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Three Pennsylvania auditor general candidates who are women of color have been the subject of a new form of harassment taking place on Zoom meetings in recent weeks, candidates confirmed to the Capital-Star this week.
Democratic hopeful and Bangladesh-born Nina Ahmad, of Philadelphia, said she was the subject of two such attacks, one of which involved two more female candidates for the seat.
The first occurred during a March 28 Zoom meeting hosted by Bucks County Young Democrats that included Ahmad and fellow Democratic candidates Tracie Fountain and Rose Davis.
In a video of the session, viewed by the Capital-Star, a voice can be heard hurling racial epithets and using profanity against the candidates.
Shira Goodman, director of the Philadelphia Anti-Defamation League, said she “wasn’t surprised” by the fact that hackers waited until the women of color were speaking to interfere, citing the strategic placement of propaganda by white supremacists that’s designed for the most impact.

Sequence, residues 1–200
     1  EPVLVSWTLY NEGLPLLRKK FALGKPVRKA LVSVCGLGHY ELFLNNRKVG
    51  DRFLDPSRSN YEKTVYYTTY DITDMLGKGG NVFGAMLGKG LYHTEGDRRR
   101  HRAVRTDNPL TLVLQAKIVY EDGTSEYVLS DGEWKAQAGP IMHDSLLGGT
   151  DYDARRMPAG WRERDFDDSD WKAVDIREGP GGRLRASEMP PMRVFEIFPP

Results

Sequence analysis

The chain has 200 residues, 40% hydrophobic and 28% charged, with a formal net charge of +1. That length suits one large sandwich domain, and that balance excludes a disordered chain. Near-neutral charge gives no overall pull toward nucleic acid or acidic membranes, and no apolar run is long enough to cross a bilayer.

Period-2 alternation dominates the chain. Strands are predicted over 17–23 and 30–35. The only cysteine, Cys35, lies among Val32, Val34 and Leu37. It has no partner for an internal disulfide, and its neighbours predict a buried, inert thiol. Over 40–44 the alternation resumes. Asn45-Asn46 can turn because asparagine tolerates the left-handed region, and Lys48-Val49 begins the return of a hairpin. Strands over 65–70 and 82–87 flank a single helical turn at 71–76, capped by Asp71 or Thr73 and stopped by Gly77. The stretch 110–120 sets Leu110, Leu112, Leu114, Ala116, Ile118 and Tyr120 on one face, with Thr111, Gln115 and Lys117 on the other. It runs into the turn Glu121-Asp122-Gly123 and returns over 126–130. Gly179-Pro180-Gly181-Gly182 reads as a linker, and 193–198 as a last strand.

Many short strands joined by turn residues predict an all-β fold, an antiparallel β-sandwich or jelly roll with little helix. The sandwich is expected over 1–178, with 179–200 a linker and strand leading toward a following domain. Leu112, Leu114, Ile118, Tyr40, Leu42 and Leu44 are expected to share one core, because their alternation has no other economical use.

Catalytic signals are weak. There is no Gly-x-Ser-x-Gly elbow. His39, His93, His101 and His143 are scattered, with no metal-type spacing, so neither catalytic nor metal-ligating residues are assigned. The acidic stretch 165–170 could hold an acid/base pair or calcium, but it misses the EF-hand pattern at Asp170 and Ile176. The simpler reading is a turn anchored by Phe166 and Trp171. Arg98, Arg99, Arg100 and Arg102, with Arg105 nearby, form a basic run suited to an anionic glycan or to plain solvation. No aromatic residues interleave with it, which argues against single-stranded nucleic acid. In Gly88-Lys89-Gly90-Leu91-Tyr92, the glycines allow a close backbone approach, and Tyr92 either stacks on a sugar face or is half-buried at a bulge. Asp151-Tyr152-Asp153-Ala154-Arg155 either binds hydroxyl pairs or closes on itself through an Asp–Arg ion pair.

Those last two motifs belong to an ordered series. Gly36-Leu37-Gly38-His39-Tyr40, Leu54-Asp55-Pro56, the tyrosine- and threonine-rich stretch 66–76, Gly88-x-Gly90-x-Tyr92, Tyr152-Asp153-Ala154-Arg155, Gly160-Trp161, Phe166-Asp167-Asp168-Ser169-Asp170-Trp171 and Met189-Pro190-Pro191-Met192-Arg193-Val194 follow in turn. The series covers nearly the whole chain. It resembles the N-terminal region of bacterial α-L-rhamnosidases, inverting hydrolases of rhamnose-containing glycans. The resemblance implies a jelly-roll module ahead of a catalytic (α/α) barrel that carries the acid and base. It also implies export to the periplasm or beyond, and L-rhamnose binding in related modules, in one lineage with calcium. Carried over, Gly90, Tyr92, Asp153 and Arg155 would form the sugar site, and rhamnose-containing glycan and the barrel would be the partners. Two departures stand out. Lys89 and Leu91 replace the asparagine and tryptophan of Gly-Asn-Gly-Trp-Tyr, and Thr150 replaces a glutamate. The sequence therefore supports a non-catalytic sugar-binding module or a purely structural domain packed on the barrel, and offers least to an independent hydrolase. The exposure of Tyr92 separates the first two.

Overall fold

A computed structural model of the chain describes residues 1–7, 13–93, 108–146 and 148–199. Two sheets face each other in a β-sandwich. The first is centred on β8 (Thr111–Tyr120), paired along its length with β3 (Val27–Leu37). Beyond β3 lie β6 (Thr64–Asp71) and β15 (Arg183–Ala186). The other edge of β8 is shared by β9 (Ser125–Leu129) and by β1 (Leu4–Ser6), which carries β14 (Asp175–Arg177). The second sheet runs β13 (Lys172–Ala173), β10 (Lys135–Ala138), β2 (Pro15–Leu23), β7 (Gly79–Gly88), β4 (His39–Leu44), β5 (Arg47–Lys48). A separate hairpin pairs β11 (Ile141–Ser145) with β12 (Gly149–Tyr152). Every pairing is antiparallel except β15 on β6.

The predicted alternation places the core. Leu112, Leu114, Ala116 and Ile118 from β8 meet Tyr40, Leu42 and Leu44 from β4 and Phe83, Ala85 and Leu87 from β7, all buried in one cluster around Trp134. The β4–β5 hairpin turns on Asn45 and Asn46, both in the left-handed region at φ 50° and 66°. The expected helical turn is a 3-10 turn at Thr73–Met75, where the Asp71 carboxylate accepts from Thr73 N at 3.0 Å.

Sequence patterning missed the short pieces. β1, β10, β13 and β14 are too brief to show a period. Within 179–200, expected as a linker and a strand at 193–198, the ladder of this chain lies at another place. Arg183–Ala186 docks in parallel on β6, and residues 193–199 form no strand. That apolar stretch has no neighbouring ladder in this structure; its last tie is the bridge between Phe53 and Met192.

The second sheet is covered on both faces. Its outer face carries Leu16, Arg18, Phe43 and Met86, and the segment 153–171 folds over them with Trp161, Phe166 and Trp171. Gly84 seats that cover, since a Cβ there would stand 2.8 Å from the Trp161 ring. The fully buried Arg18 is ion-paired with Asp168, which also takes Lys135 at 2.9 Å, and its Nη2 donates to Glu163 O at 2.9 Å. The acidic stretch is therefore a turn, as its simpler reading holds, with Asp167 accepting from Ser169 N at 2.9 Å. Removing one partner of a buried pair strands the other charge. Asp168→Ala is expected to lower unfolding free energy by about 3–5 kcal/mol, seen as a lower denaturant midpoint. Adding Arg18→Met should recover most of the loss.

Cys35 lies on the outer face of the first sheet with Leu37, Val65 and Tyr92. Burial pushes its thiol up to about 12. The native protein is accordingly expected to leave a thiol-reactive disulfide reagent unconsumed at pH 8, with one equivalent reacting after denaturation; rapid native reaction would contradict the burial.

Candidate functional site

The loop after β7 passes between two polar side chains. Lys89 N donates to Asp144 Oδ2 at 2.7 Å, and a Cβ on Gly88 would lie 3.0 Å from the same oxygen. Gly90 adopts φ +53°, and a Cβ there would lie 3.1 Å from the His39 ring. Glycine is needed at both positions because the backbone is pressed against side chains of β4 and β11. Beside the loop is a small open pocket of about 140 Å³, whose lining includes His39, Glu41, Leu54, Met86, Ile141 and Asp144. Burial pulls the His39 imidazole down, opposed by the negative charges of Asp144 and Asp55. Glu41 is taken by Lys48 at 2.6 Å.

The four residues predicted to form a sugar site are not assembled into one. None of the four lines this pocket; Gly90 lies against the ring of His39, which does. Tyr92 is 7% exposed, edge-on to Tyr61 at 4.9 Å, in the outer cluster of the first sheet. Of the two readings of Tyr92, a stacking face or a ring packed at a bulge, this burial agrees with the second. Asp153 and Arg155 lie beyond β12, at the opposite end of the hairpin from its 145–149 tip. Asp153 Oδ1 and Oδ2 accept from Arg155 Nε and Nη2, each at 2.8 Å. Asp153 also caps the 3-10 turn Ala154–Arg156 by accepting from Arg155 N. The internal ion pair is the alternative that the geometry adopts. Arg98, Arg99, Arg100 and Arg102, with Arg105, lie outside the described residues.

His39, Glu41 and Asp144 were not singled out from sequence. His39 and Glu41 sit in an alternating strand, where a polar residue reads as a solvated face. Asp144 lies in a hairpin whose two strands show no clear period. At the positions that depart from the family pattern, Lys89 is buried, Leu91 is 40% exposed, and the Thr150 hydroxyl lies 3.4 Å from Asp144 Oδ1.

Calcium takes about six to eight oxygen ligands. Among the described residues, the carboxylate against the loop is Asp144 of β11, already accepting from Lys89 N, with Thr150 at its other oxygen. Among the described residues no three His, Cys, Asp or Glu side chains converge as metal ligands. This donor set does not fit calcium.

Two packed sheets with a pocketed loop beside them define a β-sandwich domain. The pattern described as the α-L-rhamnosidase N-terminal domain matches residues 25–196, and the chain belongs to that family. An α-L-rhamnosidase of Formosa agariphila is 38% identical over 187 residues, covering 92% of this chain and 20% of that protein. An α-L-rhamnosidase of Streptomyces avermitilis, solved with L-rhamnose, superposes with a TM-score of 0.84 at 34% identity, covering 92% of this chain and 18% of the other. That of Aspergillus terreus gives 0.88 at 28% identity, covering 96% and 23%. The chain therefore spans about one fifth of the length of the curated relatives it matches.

“We see this all the time,” Goodman said. “They’re going to leave it in a place where they can get a lot of impact.”
In a statement, Ahmad detailed the incident, saying that as she was finishing her remarks, and waiting for Fountain, also a woman of color, to start speaking, “I heard some strange grunting sounds. Tracie … and I heard the perpetrators spew awful racial slurs including wide use of the ‘N’ word.”
According to Ahmad, organizers tried to mute everyone on the call, and were finally successful when it was Davis’ turn to speak.